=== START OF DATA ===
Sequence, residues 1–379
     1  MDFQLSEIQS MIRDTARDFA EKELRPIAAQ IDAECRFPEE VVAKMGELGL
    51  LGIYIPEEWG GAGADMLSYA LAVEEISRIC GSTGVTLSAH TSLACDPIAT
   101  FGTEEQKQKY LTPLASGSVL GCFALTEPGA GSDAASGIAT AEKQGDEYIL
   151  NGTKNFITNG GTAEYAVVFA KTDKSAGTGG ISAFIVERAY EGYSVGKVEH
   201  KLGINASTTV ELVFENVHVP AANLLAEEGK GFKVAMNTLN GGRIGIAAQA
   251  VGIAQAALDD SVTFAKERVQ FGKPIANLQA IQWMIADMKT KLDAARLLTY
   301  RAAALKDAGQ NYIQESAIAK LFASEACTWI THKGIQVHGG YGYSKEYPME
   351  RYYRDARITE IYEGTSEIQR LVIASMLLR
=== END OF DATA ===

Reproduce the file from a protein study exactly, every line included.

Sequence, residues 1–379
     1  MDFQLSEIQS MIRDTARDFA EKELRPIAAQ IDAECRFPEE VVAKMGELGL
    51  LGIYIPEEWG GAGADMLSYA LAVEEISRIC GSTGVTLSAH TSLACDPIAT
   101  FGTEEQKQKY LTPLASGSVL GCFALTEPGA GSDAASGIAT AEKQGDEYIL
   151  NGTKNFITNG GTAEYAVVFA KTDKSAGTGG ISAFIVERAY EGYSVGKVEH
   201  KLGINASTTV ELVFENVHVP AANLLAEEGK GFKVAMNTLN GGRIGIAAQA
   251  VGIAQAALDD SVTFAKERVQ FGKPIANLQA IQWMIADMKT KLDAARLLTY
   301  RAAALKDAGQ NYIQESAIAK LFASEACTWI THKGIQVHGG YGYSKEYPME
   351  RYYRDARITE IYEGTSEIQR LVIASMLLR